Thank you so much for your help and your code rewrite! I have been struggling with javascript for months in order to try to do this task, and given the prevalence of collapsible menus, I suspected that I was making things rather harder than they needed to be. I had heard about jQuery and other libraries, but it had never occurred to me to look at them for a way to do this. 

As you might have been able to tell by the link at the end of the code, I plan to use this code within our LibGuides home page in order to list the subject categories and individual guides within those categories. This is roughly what I would like it to resemble (I need to make a few changes unrelated to the code you provided): 

Our current LibGuides home page is simply an A-Z list of guides, but a few librarians from other institutions have asked me how I did that. I imagine that others may ask me how I did this, as well. Would it be acceptable to you if I posted this code on my blog ( I only have about 60 subscribers, so it is not a huge audience, but I think that others might find your code very useful. It goes without saying that I would attribute authorship to you (and add a line to the code attributing authorship). 

Again, thank you for your help with this - it is a relief to have an elegant, cross-platform compatible solution after all this time! 


>>> On 11/5/2009 at 9:23 AM, <[log in to unmask]> wrote:
> Laura,
> I don't have a solution for the problem at hand but I would like to suggest 
> an alternate course of development.
> When JavaScript is used to manipulate the DOM tree or add behaviours to a 
> webpage it is almost always better to use a cross-browser library then to code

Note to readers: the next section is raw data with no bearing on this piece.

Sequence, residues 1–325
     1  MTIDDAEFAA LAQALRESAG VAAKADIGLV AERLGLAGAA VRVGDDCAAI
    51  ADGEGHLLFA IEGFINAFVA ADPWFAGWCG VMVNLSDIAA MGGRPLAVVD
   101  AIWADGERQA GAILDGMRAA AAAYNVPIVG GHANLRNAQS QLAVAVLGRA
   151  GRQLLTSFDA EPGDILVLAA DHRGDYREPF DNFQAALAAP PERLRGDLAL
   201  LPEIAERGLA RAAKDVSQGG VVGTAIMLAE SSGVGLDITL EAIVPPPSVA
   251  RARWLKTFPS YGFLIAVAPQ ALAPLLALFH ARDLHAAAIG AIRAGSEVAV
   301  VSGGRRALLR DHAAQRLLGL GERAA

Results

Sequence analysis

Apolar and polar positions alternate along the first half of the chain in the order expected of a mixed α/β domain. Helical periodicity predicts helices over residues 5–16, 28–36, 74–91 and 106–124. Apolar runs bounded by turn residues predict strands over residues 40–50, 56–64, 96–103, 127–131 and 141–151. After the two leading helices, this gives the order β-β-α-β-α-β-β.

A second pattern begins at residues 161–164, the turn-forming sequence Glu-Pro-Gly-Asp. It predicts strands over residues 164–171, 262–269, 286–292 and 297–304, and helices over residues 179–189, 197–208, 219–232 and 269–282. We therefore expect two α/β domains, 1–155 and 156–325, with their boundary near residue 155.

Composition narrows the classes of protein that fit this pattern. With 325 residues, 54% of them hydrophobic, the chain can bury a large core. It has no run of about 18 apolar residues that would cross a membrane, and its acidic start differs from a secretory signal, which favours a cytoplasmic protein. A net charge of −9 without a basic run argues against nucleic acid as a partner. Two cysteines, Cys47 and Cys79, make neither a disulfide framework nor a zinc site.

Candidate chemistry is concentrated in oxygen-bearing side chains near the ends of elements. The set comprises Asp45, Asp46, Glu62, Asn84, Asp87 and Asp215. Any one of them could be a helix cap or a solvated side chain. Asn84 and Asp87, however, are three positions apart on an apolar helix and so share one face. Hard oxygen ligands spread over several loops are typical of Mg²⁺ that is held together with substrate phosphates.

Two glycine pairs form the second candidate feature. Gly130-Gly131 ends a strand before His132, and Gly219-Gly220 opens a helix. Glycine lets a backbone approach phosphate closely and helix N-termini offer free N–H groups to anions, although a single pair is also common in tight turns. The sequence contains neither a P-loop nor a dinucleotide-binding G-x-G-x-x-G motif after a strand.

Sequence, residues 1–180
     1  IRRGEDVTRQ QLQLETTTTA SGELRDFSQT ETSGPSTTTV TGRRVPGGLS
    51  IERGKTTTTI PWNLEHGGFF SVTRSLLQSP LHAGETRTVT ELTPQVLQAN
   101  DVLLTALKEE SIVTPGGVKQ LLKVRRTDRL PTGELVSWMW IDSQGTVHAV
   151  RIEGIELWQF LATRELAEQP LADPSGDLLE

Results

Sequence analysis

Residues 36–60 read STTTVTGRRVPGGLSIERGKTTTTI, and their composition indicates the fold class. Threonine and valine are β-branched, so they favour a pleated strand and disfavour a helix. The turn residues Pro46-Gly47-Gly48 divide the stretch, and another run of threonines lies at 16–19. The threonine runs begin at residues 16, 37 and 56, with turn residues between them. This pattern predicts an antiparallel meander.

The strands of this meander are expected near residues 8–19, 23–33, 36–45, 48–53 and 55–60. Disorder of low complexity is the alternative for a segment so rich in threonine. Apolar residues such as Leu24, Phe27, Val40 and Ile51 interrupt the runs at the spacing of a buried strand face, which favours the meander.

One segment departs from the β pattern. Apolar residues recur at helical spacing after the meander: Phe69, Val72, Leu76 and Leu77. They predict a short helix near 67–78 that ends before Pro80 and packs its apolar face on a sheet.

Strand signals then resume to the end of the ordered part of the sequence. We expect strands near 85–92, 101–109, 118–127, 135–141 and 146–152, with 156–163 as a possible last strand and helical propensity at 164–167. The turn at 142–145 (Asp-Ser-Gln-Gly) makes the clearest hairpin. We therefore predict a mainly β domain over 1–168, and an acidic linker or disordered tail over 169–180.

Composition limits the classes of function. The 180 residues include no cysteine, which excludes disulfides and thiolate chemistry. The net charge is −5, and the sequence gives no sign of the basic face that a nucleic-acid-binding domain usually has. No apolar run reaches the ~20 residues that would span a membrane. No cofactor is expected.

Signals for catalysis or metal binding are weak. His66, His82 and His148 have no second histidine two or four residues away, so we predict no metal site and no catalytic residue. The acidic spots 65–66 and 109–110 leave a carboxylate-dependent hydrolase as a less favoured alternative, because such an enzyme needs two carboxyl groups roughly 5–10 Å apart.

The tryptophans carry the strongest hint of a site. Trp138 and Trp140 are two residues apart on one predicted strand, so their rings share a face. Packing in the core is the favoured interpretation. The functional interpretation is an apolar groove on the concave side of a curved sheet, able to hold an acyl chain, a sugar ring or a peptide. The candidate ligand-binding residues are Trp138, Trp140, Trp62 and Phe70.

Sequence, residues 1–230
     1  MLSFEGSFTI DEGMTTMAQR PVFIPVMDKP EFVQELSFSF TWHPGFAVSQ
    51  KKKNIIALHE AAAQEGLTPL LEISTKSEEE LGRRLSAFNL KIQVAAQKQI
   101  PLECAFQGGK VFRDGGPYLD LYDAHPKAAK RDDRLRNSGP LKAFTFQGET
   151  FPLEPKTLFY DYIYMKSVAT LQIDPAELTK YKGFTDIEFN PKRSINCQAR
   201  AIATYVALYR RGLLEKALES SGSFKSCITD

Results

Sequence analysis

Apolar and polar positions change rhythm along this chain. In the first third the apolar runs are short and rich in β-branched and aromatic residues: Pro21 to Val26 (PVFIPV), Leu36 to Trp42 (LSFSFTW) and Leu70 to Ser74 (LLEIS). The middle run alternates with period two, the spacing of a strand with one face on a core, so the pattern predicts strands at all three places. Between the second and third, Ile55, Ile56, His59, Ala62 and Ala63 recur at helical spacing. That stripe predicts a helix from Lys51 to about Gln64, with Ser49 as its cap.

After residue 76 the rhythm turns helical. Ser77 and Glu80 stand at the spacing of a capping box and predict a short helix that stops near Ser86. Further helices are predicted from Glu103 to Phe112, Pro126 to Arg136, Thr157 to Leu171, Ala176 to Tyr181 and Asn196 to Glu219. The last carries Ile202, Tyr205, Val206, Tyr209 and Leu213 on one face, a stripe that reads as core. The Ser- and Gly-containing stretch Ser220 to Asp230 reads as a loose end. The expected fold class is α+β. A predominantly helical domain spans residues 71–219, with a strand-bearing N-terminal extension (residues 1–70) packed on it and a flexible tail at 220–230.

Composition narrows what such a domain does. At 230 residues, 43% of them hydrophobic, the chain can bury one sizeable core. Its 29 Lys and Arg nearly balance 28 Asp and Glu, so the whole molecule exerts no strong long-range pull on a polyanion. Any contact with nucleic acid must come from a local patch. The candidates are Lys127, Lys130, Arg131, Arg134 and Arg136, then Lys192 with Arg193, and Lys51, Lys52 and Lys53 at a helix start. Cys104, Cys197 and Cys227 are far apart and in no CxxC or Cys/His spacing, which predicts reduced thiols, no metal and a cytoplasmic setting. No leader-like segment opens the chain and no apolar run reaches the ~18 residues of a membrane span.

> it by hand.
> The problems you are encountering between IE and Firefox are only amplified 
> when a broader selection of browser and browser versions are taken into 
> consideration.
> Relying on a third party to do browser compatiblity and performance 
> optomiztions frees up your time as a developer to focus on implementing the 
> desired behaviour.
> There are many options out there -- Prototype, Dojo, MooTools, etc. -- but 
> jQuery is my library of choice.
> I took the liberty of rewriting the webpage in question to create the 
> behaviour you desired with a few lines of jQuery.
> I commented the code thoroughly so you or anyone else new to jQuery should 
> be able to follow what's going on and why.
> For further reading on the nature and use of jQuery see:
> best of luck,
> -dan
> ----------
> Dan Brubaker Horst
> Project / Application Developer - Hesburgh Library of Notre Dame
> ________________________________________
> From: Code for Libraries [[log in to unmask]] On Behalf Of Laura 
> Harris [[log in to unmask]] 
> Sent: Tuesday, November 03, 2009 1:37 PM
> To: [log in to unmask] 
> Subject: [CODE4LIB] Javascript question - works in FF, but not in IE
> Hello, new subscriber here...I'm trying to fix some javascript. It works as 
> expected in Firefox, but not in Internet Explorer. FWIW, am using FF 3.0.14 
> and IE 7.0.6.
> The code is up on pastebin here: 
> I'm aware that setAttribute & getAttribute are buggy in Internet Explorer, so 
> (in an alternate version of the code) I replaced the toggle bit in function 
> createToggleFunction with the following:
> if (toggleElement.className == 'collapsibleClosed') {
>                 toggleElement.className = 'collapsibleOpen';
>                 toggleElement.src = OPEN_IMAGE;
>         } else {
>                 toggleElement.className = 'collapsibleClosed';
>                                 toggleElement.src = CLOSED_IMAGE;
>         }
> However, I must assume I did something wrong in the code above, because it 
> doesn't work in Firefox.
> Any thoughts? Let me know if I need to provide more information.
> Thanks,
> Laura Harris
> Web Services Librarian
> Grand Valley State University
> Allendale, MI 49401